Teen Driver Q&A
Feb.15, 2007 • Graduated Driver Licensing News Conference
Why is AAA telling parents to “Keep the Keys”?
AAA is proposing that parents “keep the keys” from their
teenage driver until they have an agreement on the “house rules”
for earning and keeping the privilege of driving. AAA has a sample Parent-Teen
Agreement on www.aaa.com/publicaffairs. It can be used by parents as
a guide for discussing and reaching agreement with their teen on such
issues as night driving limits, teen passenger limits and even cell
phone use. It describes commitments from the parents and the teen, and
outlines such things as responsibilities, courtesy and issues that can
lead to a loss of privileges.
Why is AAA challenging state lawmakers to pass more GDL
As this study shows, enactment of laws is key to increasing teen driver
safety. By strengthening the GDL systems in their states to include
the components identified in this study, legislators can take a substantial
step forward toward saving teen lives and reducing injuries.
Why are teenage drivers a high risk group?
Teens are at higher risk for a crash because of lack of experience
and adolescent risk taking behavior. Many teens are responsible drivers;
however, they are involved in more crashes due to poor judgment, inadequate
driving skills and risky behavior associated with normal adolescent
Does driver education make young drivers safer?
Driver education can contribute to safe driving by increasing the supervised,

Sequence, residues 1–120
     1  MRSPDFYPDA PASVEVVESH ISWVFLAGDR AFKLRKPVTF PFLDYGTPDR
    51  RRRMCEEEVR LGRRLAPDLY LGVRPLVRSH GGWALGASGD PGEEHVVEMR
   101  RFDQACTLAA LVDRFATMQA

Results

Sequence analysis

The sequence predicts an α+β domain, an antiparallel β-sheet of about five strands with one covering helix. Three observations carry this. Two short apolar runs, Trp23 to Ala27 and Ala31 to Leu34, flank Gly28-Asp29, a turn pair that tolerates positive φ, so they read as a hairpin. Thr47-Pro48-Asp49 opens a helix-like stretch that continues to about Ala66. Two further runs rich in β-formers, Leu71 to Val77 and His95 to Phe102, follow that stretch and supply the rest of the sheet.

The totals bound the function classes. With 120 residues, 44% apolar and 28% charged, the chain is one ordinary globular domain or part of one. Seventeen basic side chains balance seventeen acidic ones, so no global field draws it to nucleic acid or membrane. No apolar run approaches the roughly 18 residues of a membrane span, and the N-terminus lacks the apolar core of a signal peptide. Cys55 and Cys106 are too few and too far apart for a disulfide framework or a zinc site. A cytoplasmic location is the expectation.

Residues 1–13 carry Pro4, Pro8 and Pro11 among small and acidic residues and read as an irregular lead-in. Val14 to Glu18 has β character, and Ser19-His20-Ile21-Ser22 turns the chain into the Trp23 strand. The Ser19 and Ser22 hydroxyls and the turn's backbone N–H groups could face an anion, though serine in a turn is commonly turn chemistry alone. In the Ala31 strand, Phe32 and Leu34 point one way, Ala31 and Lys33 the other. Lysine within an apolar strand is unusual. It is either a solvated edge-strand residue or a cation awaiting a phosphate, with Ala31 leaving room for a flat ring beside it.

behind-the-wheel practice time as new drivers gain experience and develop
their skills. [Note: There are no current studies yet showing that any
particular driver education course reduces crashes. That doesn’t
mean none are effective; just that we haven’t been able to demonstrate
effectiveness in a study yet].
Why is AAA recommending that states impose passenger restrictions
on teen drivers?
- As this study shows, limiting the number of teens in vehicles driven
by teens will reduce the number of people injured and killed in teen-related
- Research shows that having a teenage passenger increases the risk
of a teen driver being in a fatal crash. The risk increases with additional
- Passenger restrictions may be inconvenient for parents and teens,
but they are effective at saving teen lives.
Are all of these crashes the teen’s fault?
- It is difficult to assign specific fault in any motor vehicle crash
– meaning a particular action caused the crash – and this
report does not assign fault. But, we know that teens have the highest
number of deaths per vehicle mile traveled of any age group and when
they crash, other people are also injured and killed. Teen drivers’
crash risk is largely due to inexperience and poor decision making
- The fault lies in the system that, in too many states, lets teens
drive without the experience they need, allowing them to get into
situations (driving at night and with teen passengers) where they
make deadly mistakes.
- If we don’t all collectively demand that legislators in states
with weak laws improve these laws to keep teens safe and protect the
safety of everyone on the road, these crashes will be OUR FAULT.
What specific solutions is AAA offering to reduce teen
- Parents. Regardless of how lax or strict their state’s GDL